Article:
CREtech London | 4 principles behind London’s smart city ambitions
“How do we negotiate a data rich environment?” That question, posed by Theo Blackwell, London’s first chief digital officer, set the scene at the opening keynote at CREtech London 2021.
Blackwell leads London’s digital transformation, data and smart city initiatives, following the capital’s Smarter London Together Roadmap, launched by mayor Sadiq Khan in June 2018.
Khan’s mayoral manifesto in 2021 pledged to create an emerging tech charter for London, setting out four principles to guide the deployment of new data-enabled tech in public services and the public realm.
Blackwell said: “We know from experience in London that the guidance on what the right thing to do hasn’t been as clear as possible, and that’s led to some confusion. We want to address that.”
He added: “It’s not just a public sector play. It’s also something that’s aimed to help those who own private land and are thinking about introducing technologies. What’s the right way the city wants us to do that?”
The four principles are:
- Be open: set out in plain English what the tech is, what it can do, why it is being used and (where appropriate) the ethical basis for doing so
- Respect diversity: think about who your users are and create services with them in mind
- Be trustworthy with peoples’ data: ensure privacy by design, making it easy for people to opt out of data collection; ensuring that any collection of personal data is justified; maintaining high quality data standards to make it clear where the data comes from and how it was collected
- Be sustainable: consider the entire lifecycle impact of the technology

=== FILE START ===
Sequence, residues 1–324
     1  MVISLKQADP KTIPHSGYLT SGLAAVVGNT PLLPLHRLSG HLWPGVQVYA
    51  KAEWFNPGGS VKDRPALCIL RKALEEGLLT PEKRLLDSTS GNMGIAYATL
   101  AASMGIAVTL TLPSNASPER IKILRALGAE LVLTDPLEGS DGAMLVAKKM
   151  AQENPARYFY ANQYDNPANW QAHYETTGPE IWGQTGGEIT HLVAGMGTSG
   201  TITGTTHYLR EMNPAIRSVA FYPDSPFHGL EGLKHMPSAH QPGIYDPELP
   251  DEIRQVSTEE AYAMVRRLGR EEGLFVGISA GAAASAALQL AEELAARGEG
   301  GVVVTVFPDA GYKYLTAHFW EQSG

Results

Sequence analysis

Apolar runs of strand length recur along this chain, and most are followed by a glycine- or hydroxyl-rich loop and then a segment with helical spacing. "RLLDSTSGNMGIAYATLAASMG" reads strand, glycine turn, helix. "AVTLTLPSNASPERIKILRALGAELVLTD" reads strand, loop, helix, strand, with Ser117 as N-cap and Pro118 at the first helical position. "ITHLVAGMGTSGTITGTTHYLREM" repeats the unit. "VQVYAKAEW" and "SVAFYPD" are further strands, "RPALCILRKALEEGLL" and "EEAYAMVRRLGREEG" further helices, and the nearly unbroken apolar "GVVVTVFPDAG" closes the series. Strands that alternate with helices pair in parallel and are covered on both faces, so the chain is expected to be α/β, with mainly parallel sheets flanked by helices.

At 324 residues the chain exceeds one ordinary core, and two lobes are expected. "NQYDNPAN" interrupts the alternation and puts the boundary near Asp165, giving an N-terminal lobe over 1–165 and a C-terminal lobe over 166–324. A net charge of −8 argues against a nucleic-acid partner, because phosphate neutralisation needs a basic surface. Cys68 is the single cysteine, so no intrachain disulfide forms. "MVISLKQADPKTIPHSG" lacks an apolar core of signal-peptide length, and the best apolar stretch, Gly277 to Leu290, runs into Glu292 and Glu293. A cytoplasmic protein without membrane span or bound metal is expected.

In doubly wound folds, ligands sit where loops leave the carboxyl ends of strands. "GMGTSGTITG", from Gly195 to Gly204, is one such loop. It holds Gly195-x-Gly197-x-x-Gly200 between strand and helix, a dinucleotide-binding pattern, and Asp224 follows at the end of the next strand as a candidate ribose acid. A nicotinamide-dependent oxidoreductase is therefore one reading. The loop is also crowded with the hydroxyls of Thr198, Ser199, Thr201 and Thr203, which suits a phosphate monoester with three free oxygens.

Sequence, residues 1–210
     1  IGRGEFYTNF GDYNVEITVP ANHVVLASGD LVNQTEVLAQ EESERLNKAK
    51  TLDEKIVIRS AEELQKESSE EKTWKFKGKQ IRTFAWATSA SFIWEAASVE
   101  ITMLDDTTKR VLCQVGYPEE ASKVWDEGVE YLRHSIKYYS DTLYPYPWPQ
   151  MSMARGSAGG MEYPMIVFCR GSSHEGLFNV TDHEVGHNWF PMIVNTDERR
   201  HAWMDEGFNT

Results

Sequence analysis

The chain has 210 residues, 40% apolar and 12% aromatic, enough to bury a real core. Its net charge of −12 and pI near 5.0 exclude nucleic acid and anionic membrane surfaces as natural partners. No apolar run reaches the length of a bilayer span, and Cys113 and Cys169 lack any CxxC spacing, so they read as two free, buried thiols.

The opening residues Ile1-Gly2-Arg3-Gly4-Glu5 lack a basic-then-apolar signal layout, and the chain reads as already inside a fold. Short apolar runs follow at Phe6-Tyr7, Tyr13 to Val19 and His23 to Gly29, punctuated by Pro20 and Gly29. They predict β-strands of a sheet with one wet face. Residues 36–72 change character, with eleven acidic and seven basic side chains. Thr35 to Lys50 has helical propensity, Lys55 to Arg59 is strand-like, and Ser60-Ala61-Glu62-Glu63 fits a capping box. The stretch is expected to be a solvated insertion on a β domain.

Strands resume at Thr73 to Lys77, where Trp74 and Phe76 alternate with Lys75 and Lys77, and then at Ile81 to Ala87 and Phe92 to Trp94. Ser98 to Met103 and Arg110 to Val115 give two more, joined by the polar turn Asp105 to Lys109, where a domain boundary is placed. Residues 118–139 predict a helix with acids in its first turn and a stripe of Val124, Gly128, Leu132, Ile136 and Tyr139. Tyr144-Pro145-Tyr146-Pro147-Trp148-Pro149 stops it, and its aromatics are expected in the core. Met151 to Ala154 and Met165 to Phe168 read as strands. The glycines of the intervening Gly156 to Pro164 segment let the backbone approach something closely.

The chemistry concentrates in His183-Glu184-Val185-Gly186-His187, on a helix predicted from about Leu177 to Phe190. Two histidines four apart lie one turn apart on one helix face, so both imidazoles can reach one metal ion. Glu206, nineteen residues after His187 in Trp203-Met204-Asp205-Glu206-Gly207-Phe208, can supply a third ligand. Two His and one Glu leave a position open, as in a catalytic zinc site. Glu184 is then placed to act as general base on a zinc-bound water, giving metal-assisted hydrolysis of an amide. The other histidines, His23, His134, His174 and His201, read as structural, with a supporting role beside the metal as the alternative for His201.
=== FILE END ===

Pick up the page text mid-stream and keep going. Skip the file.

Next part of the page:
One reason these principles are particularly important is because London supports more tech and more data collection throughout the city – especially because of environmental concerns.
“We encourage the use of sensors, because they are really, really important for us for fighting climate change in our city,” Blackwell said, highlighting energy and water consumption as two areas that benefit from data collection.
He went on to encourage the private sector to engage with London about these principles and on working together to make the capital a true smart city: “It’s an often complex area. But we think that this is the start of a really good conversation with the public sector, private sector and civil society about how we can do this in a way that reflects values of our city.”
A brief history of digital London
Earlier, the keynote took the audience through London’s modern history of integrating technology, starting in 2002 with the congestion charge.
Blackwell said: “The funny thing about the congestion charge is that it’s just a normal way of life for Londoners now. We don’t really see it as a smart city technology, but basically it’s cameras and a database that enable us to charge motorists and ease congestion.”
From there, the city introduced a centralised data store where all relevant city data is collected and held; contactless travel and smart street lighting, eventually culminating this year in Connecting London, the city’s initiative to use public assets to improve digital infrastructure.
The capital is now laying a “full-fibre spine” through its tunnels, linking up 600 public buildings and other assets. But the private sector will also benefit: “That lowers the cost for private investments to do that last mile of fibre connectivity directly to your home,” Blackwell said.
“In the next few years, we will see a step change in our fibre infrastructure.”
With 5G reliant on fibre being in the ground, Connecting London, Blackwell said, signals a break from the past, creating a new generation of technology in the city by enabling AI, more IoT, augmented and virtual reality and automation.